Helicopter steering

A helicopter can make a variety of stuff. It can climb straight up or slide straight down, can move forward or even backward. It can also move aside or rotate around its vertical axis. It can make many combinations of these or can just stand still in the air.

I once mistakenly believed that it steers by angling its main rotor (to move forward, backward, left, right), by changing its main rotor rotation speed (to move up or down) and by changing its tail rotor rotation speed (to rotate around its vertical axis)… Not too strange, I was wrong again.

There is, of course, much better way. The helicopter can change attack angle (pitch) of its propeller blades on both, the main and the tail rotor. Inclining the blades more, its propeller starts producing larger thrust and the chopper is capable to climb up. On the other hand, making its blades more horizontal the thrust will be lowered. The same principle is used also on the tail rotor – changing the thrust on the tail rotor by varying the blade angle, the chopper is capable of rotating around its vertical axis.

But it gets cooler than that. On its main rotor the chopper is capable of varying the blade angle for every its blade somewhat independently. That is, as a blade rotate around, its inclination is changed according to its (angular) position. It can be done with a device like this (swash plates)

The bottom plate (green) doesn’t rotate and its inclination can be controlled by four control rods. The inclination is further passed to the rotating plate (violet) and to pulleys that control attack angle of rotor blades. The rotor axle goes through the centre of the system but plates are not firmly connected to it.

A helicopter can, for example, make that a blade has a smaller inclination while it is speeding across the frontal area, and a larger inclination just a bit later while it is moving across the rear area of the propeller plane circle. As a result this would produce an unequal thrust on the front and the rear part of the rotor. This, in turn, would produce a net torque that would try to lean the rotor toward the front. (See also this great page.)

My first thought would be that this would have the effect to push the helicopter forward, but I learned that this might not be the case. The rotor acts as a gyroscope and so if a force tries to lean it in one direction, it actually moves at 90-degree angle (gyroscopic precession). Thus the whole helicopter would actually lean to a side and start moving sideways.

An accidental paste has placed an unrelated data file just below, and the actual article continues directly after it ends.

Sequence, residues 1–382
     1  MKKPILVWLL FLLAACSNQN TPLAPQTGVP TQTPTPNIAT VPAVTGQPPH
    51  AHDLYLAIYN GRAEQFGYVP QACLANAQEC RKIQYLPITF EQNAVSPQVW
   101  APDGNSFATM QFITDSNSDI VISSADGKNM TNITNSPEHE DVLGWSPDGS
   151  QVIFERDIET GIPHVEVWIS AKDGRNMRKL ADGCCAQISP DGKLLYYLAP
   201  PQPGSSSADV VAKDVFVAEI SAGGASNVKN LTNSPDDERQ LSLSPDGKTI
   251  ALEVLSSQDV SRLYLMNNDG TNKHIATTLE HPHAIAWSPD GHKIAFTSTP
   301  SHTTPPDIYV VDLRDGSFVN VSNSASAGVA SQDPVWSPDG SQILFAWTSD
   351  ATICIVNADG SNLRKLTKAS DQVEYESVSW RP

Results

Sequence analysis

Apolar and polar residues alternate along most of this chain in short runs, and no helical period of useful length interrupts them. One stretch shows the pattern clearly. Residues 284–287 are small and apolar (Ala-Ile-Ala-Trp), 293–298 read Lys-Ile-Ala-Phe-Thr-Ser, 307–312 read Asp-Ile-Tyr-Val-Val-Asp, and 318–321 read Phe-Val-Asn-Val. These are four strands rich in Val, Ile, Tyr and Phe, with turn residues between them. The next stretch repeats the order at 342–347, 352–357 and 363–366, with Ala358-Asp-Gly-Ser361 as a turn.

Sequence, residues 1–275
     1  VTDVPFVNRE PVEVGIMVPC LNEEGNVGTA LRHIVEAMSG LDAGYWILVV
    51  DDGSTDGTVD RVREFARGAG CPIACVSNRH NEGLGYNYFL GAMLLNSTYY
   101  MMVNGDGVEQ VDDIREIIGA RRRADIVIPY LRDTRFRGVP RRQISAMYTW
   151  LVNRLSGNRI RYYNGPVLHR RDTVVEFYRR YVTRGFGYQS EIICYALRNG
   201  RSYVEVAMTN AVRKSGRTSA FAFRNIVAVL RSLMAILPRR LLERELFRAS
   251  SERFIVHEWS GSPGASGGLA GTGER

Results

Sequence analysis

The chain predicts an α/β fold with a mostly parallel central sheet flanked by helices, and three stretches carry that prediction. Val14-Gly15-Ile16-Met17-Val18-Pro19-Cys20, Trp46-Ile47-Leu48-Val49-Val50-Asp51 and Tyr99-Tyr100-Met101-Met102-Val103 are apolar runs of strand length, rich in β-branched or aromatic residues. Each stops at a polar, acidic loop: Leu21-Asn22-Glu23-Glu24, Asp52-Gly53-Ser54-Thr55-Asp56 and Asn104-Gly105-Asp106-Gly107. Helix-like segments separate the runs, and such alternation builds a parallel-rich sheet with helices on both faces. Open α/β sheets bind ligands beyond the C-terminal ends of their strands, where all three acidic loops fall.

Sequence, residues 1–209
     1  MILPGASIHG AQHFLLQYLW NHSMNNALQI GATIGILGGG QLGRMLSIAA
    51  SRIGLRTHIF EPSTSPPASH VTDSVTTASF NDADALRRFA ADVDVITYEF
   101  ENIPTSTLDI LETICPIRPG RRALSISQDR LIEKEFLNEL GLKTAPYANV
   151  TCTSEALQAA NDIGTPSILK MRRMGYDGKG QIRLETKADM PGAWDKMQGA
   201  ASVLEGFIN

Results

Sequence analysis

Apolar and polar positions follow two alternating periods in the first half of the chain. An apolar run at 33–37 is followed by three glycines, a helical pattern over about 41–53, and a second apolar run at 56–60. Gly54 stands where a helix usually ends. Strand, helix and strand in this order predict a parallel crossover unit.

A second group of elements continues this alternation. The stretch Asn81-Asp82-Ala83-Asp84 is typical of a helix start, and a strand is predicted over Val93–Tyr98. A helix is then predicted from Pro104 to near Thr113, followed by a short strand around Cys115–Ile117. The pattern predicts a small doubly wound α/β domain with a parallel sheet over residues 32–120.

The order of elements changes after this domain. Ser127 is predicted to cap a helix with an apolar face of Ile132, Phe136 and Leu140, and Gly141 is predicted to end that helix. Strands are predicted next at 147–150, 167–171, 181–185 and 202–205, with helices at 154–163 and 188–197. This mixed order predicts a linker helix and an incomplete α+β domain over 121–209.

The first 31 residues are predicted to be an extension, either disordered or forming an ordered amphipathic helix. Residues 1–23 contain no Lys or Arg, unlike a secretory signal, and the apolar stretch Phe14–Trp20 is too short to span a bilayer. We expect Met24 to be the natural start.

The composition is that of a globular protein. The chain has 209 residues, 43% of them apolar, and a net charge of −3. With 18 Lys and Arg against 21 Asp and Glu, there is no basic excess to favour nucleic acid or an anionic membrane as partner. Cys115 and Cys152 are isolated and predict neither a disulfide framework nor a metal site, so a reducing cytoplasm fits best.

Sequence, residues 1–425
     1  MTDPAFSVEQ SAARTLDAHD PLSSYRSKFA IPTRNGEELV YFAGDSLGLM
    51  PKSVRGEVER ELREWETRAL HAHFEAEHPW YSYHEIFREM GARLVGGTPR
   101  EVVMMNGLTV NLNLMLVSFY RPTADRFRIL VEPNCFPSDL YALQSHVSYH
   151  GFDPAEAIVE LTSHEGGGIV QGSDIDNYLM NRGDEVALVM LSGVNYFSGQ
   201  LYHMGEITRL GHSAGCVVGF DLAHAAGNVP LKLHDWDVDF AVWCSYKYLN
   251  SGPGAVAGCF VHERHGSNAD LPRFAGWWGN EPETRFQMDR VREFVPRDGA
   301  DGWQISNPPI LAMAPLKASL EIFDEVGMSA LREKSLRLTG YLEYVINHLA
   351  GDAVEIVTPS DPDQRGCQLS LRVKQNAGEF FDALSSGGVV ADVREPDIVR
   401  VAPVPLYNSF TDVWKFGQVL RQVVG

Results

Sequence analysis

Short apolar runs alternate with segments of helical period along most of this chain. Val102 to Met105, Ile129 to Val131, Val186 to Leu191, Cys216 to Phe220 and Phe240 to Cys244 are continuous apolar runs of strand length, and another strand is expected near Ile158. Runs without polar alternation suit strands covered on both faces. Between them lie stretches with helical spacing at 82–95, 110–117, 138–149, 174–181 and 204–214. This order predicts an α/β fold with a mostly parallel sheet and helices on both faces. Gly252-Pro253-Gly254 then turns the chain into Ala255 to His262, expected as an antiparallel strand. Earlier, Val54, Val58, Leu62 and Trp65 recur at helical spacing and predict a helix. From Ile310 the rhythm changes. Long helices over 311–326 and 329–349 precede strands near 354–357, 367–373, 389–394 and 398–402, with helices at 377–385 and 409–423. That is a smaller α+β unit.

A chopper can move to any other side in a similar fashion – by adjusting the pitch of its main rotor blades as they are circling around.

One of main advantages of such steering system is that the rotation speed of rotors can always be about the same. This is good because engines (usually a gas turbine) have their maximal efficiency only at very narrow speed range. An additional benefit is that you can change the blade angle much faster than you could change the rotation speed of the rotor so the helicopter is much more responsive.

The fact that it is not necessary to change the rotation speed much, of course, doesn’t mean that the power (and fuel consumption) can also be left mostly unchanged. It takes more power (and fuel) to rotate a propeller that has its blades more inclined because more inclined blades generate more drag.

Of course, the disadvantage is that at some regimes the blades are not working at its maximum efficiency because it is not possible to make a blade (a wing) that would work perfectly across a wide range of attacking angles.

The same principle of the blade attack angle adjustment is used in the turbo-prop and turbo-fan engines on airplanes.

Danijel Gorupec, 2006

See also the Jet engine article